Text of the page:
Gun Control Protest
A gun control protest in Nashville, Tennessee, on April 3, 2023 John Amis/AFP / John Amis

From 2009 to 2018, the rate of nonfatal gun-related assaults against Hispanic Americans was 128.7 per 100,000 people, compared to 90.5 per 100,000 people for white Americans according to the Gun Violence Archive, an organization that tracks gun violence in the U.S.

Other organizations claim for about around 500 mass shootings in 2023.

Statistics like this fuel a long-running debate between defenders of the Second Amendment, which preserves the right to bear arms, and opponents who advocate restrictions on that right based on what they call an epidemic of violence. Numerous non-governmental and official bodies have been created to address the clamor of the latter.

One of the most representative is the Gun Violence Prevention Task Force, a congressional caucus lead by Rep. Mike Thompson (D-CA), with 109 members, which seeks to gather the votes to convert into legislation the measures necessary to restrict easy access to long-range weapons by almost anyone who has the money to buy them.

Several Democratic legislators have joined this congressional pressure group, such as Latina congresswoman Nanette Barragán (D-CA) the first Latina to represent her district and raised by immigrant parents from Mexico.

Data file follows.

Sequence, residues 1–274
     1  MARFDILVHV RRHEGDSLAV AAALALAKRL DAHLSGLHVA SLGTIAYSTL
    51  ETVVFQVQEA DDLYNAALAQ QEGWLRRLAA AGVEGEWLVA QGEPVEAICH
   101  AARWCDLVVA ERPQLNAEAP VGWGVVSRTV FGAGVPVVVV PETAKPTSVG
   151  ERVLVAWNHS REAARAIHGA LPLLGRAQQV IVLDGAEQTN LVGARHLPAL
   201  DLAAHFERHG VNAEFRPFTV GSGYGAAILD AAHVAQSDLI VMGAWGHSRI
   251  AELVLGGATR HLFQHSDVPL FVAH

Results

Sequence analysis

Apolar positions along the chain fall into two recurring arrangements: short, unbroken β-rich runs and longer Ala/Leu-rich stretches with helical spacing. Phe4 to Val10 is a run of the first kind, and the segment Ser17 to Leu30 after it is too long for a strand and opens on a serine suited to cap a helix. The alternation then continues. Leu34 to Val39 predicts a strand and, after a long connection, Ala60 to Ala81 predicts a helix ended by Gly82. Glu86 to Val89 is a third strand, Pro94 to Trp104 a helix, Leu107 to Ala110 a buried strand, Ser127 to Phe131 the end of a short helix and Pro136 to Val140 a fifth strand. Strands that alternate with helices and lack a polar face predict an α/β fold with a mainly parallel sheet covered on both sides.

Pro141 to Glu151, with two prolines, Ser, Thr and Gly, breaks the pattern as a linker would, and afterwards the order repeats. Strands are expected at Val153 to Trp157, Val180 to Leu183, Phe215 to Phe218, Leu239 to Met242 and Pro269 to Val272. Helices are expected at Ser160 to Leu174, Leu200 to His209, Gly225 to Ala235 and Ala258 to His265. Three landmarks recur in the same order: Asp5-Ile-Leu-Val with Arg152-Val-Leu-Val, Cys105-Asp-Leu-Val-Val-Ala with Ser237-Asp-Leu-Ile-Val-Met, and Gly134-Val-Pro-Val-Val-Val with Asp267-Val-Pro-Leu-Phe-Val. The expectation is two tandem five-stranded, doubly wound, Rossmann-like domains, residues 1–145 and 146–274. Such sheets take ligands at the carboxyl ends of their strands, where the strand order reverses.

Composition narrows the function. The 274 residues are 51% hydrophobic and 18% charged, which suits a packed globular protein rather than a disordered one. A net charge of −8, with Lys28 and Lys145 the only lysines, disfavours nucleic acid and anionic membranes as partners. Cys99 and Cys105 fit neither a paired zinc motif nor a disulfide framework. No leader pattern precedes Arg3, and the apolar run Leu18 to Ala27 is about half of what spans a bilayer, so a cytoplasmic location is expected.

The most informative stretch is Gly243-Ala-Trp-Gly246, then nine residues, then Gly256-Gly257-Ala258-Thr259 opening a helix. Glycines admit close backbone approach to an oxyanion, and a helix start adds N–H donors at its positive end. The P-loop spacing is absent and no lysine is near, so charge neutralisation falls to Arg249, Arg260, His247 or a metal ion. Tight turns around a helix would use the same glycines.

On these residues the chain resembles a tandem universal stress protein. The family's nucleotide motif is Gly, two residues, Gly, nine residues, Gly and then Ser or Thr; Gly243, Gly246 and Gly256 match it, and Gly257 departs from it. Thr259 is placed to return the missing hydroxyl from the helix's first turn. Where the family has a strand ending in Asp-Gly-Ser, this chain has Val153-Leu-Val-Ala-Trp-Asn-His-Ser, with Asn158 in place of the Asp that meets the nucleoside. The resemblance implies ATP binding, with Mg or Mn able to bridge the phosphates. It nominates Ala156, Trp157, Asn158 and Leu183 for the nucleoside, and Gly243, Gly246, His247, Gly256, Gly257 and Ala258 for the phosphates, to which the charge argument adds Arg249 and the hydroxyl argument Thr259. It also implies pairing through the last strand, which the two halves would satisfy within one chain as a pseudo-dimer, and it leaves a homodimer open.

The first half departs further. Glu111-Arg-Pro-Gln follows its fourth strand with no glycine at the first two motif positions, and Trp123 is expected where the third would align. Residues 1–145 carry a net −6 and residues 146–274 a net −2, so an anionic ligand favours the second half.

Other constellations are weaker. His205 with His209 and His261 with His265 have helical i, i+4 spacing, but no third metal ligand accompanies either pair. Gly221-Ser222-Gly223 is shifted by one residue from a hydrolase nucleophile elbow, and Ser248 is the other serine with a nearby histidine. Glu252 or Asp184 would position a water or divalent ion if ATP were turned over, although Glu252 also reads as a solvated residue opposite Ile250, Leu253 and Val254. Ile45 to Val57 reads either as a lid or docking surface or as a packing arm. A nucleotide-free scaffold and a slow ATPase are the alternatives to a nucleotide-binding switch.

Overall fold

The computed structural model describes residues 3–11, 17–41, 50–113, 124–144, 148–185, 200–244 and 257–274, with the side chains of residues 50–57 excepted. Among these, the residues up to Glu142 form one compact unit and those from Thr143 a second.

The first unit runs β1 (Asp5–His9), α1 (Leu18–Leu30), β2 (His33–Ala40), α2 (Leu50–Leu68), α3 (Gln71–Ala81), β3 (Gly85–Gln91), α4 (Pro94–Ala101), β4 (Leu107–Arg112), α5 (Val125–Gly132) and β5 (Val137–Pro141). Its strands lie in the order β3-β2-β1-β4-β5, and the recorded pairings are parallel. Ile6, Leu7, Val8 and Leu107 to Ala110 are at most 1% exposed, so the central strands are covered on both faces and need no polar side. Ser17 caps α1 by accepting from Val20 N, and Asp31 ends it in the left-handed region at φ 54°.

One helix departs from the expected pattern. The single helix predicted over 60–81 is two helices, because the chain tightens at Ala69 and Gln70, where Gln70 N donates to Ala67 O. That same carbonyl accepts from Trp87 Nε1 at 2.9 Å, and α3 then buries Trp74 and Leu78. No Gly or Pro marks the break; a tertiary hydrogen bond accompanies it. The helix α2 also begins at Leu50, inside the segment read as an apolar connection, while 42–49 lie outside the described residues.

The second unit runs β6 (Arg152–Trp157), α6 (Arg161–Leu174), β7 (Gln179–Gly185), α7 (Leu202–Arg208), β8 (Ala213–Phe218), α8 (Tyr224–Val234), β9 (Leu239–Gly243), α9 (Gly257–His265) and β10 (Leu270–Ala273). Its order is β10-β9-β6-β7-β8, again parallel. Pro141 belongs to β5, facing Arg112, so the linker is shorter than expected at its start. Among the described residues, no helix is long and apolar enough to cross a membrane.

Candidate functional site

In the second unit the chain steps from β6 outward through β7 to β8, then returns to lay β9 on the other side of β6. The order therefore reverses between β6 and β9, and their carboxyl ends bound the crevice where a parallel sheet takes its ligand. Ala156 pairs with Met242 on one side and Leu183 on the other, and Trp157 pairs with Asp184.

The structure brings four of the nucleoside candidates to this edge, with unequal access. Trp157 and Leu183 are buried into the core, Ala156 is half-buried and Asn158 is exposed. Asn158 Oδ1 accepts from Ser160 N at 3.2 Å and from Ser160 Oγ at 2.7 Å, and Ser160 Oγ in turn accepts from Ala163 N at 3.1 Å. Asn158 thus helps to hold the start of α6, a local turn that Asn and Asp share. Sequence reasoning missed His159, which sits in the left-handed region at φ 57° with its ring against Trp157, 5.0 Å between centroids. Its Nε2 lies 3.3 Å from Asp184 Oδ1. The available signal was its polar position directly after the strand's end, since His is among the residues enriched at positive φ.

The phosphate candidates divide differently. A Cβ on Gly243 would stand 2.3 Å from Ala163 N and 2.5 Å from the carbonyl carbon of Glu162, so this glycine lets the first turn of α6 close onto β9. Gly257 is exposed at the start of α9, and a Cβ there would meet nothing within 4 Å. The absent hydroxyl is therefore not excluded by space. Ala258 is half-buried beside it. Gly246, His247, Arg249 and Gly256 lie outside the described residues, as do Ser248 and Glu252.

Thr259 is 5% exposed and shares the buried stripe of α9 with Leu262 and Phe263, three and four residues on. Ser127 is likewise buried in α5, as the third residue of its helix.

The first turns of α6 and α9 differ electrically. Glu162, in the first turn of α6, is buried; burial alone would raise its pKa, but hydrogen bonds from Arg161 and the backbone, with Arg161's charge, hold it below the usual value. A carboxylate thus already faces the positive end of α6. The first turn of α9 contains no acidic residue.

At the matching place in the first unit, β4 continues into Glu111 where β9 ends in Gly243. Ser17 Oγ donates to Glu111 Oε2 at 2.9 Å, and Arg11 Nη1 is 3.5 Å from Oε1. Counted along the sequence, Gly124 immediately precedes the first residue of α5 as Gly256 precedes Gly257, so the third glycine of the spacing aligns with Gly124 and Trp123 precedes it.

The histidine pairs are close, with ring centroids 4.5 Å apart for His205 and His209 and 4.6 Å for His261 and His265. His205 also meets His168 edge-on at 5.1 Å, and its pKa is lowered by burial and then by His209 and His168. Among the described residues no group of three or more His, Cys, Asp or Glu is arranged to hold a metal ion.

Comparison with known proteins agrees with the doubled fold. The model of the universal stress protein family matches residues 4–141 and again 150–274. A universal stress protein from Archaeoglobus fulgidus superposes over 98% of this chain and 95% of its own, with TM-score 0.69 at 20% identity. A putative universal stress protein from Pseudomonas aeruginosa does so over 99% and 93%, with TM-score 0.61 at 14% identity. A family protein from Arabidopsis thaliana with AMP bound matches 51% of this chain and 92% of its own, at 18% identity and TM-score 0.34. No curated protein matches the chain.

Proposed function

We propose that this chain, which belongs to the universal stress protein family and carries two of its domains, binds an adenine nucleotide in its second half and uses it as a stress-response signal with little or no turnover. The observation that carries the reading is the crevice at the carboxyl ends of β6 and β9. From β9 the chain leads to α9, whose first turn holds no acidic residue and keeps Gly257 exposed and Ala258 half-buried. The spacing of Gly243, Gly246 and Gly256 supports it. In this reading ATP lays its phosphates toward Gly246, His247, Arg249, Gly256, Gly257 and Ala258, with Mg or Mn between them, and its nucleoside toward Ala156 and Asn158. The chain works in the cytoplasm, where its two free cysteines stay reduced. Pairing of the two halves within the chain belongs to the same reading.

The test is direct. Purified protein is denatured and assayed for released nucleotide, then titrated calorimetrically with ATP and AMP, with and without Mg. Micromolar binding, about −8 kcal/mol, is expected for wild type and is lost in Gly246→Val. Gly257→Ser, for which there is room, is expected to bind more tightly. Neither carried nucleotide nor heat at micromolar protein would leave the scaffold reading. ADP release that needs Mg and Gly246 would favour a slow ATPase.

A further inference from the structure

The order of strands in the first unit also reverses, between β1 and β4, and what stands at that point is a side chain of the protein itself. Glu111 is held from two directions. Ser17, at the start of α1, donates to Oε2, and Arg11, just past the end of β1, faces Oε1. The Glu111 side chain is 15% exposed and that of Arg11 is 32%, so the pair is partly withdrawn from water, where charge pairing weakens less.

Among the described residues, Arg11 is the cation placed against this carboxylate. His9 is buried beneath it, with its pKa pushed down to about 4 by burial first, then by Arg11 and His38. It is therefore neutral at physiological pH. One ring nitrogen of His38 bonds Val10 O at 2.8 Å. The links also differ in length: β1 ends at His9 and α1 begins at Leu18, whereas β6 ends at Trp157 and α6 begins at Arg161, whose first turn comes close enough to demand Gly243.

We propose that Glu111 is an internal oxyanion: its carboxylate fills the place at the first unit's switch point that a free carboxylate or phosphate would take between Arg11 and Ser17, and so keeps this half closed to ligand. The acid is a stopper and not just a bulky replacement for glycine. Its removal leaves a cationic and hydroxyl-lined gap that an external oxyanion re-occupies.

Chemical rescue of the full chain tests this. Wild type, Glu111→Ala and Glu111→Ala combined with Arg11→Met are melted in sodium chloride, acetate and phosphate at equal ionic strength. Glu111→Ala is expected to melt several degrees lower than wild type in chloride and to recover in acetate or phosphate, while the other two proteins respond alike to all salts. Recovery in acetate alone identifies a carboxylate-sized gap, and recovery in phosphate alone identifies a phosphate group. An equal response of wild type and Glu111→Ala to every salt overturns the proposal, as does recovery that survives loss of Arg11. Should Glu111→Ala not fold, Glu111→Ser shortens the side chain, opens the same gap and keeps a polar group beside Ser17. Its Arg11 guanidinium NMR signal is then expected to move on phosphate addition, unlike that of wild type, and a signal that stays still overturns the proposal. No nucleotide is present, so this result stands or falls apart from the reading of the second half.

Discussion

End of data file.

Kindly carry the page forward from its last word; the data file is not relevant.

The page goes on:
"Our children should not be afraid to go to school," said Rep. Barragán. "Five years after one of the worst school shootings in American history at Marjory Stoneman Douglas High School in Florida, we have seen mass shootings continue to rise. Yet Speaker McCarthy has yet to bring a single gun violence prevention bill to the floor. We call on the Speaker to help us save lives, reduce this horrific violence, and keep our children safe.

However, these efforts by Congress do not seem to come to fruition, or at least with the speed that the seriousness of the matter requires.

The White House announced the creation of an Office of Gun Violence Prevention to help states and localities implement a gun safety package President Joe Biden signed into law last year.

The office will be headed by Vice President Kamala Harris and will aim to coordinate efforts with the different federal agencies that pursue the same objective.

During the launch of this initiative, Biden remembered the victims of the massacres that have shaken the nation.

"Because of all of you here today, all across the country, survivors, families advocates, especially young people who demand our nation do better to protect all, who have protested, organized, voted and ran for office and yes, marched for their lives, I'm proud to announce the creation of the first-ever White House Office of Gun Violence Prevention, the first office in our history," the president declared in the White House Rose Garden.

Biden, in addition to regretting the loss of lives and saluting the victims, did not spare his criticism of the inaction of the Legislature.

"In the absence of additional action in Congress to curb gun violence, the Office of Gun Violence Prevention, along with the rest of my administration, will continue to do everything we can to combat the epidemic of gun violence that is tearing apart our families, our communities, and our country," emphasized Biden.

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